Last year was a stellar one for most stocks in the Dow Jones Industrial Average -- but not for industrial giant General Electric (GE - Get Report) . The stock shed more than 42% of its market value as the rest of the big index surged, making it a conspicuous underperformer that hasn't done much better since the calendar flipped to 2018.

GE is down another 16.42% year-to-date, a pace that actually puts shares on track for worse performance than last year if it were to keep up.

Across a full 12 months, GE's 2018 rout puts it on track for a 61% decline in market value, even with dividends factored in.

And, unfortunately for GE bulls, these clouds don't have much in the way of a silver lining.

To figure out GE's likely price action in the near term, we're turning to the chart for a technical look at what's happening in shares.

At a glance, you don't need to be an expert technical trader to figure out GE's prevailing price trend right now -- shares have been moving down and to the right for quite a while.

Indeed, GE's bearish price action has been incredibly technically obedient for more than a year now. That fact adds some extra credence to paying attention to the price action now.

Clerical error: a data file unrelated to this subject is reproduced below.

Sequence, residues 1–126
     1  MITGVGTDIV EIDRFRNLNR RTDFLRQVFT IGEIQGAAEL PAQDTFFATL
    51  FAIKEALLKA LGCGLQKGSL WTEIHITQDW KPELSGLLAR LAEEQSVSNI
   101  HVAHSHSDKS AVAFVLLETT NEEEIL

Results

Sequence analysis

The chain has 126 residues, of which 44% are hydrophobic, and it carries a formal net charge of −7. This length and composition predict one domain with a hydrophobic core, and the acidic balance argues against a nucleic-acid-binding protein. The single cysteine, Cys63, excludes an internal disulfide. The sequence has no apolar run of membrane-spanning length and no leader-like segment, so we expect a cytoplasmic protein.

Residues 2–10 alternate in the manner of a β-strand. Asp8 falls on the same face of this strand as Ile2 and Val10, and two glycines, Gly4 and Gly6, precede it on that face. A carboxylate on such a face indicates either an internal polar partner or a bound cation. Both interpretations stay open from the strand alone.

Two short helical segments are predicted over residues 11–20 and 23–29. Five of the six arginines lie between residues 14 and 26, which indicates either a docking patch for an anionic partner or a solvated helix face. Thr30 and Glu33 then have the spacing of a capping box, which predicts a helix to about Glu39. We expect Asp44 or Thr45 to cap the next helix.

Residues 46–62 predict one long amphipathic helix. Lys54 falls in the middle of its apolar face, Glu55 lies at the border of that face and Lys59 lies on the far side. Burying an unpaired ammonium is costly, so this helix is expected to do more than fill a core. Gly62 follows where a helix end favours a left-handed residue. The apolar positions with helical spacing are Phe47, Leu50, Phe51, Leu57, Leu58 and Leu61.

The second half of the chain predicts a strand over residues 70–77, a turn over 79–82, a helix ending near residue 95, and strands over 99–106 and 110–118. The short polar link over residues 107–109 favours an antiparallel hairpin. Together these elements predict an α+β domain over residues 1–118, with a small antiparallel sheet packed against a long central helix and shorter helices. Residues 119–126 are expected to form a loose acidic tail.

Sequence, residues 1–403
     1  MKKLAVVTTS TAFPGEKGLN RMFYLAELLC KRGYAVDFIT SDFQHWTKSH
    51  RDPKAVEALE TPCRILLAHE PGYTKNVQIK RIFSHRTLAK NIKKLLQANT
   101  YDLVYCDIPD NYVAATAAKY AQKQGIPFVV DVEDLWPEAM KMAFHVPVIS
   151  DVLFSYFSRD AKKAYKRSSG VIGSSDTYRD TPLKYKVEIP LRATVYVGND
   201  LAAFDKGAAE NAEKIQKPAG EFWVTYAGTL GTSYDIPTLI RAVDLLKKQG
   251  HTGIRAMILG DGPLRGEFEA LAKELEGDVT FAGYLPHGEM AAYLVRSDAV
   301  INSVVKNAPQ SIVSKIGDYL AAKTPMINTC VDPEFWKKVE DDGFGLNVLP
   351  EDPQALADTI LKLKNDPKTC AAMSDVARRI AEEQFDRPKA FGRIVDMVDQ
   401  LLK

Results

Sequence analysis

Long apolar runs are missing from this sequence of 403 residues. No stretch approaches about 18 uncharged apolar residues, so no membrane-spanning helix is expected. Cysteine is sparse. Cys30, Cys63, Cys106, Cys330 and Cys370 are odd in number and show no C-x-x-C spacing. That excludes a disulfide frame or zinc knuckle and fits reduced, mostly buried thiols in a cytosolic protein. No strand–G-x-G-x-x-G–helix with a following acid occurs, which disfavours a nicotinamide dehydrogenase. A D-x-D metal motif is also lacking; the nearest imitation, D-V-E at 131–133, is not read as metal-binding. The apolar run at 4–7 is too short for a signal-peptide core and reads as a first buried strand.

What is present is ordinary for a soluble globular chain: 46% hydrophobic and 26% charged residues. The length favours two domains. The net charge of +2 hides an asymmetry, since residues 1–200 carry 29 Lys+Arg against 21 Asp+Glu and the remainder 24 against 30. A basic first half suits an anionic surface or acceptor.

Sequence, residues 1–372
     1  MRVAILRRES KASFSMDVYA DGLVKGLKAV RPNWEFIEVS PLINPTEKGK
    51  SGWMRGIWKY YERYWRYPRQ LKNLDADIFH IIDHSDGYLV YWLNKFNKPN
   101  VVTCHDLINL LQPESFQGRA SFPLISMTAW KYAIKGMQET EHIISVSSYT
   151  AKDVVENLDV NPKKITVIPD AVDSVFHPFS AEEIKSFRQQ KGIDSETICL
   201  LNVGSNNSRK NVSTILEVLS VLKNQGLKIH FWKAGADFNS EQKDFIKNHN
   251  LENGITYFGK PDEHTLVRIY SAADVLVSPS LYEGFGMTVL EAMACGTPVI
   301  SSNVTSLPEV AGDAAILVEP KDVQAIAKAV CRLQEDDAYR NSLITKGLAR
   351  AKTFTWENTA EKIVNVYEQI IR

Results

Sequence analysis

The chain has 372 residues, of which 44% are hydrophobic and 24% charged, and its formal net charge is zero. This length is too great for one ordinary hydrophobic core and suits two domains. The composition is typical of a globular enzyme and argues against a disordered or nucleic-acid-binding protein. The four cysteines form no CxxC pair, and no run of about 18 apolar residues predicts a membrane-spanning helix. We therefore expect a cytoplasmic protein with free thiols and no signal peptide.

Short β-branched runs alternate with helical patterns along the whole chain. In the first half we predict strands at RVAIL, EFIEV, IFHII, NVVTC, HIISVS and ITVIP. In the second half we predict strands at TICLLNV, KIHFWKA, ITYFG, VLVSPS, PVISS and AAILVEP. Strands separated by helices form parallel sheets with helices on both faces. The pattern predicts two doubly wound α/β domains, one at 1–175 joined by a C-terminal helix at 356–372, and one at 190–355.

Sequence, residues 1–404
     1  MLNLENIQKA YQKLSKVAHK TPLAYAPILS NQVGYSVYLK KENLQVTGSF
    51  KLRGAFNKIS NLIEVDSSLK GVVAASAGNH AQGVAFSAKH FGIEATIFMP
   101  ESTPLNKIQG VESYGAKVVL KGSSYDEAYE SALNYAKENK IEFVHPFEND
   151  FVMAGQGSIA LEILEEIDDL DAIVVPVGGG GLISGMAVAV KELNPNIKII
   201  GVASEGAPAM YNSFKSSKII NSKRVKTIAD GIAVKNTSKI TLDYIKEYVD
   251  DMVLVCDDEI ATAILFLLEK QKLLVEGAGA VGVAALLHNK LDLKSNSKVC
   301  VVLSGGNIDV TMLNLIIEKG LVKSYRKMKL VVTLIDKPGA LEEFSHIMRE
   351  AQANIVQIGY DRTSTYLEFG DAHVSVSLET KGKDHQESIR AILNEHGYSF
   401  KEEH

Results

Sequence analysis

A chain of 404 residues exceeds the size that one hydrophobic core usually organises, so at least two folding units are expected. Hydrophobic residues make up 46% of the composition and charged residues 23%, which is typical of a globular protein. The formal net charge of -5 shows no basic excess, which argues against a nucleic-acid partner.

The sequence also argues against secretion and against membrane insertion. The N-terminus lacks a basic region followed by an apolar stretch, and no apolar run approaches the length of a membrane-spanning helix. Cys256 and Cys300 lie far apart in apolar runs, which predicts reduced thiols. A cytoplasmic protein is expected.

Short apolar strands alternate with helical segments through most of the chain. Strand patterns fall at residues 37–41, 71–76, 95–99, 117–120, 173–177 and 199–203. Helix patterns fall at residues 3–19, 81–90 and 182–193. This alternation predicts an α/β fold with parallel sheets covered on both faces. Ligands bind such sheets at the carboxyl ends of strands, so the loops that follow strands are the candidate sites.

The fact that GE has been stuck in a parabolic downtrend is troubling for longs - GE's selloff continues to accelerate in 2018. Likewise, it means that shares can break through the top of their downtrend (at the 50-day moving average, approximately) and still be pointing lower.

Relative strength, the side indicator down at the bottom of GE's chart, adds some extra red flags to the bearish price action in GE. The fact that relative strength has been in a downtrend of its own is a signal that shares continue to systematically underperform the rest of the broad market, even now.

The $17.50 breakdown that happened mid-January was a key signal that sellers remain very much in control of GE's price action as we head into the spring. Likewise, it makes sense to steer clear until GE can catch a bid back up above that $17.50 price level. More downside is the high-probability trade in GE for the short term.

This article is commentary by an independent contributor. At the time of publication, the author held no positions in the stocks mentioned.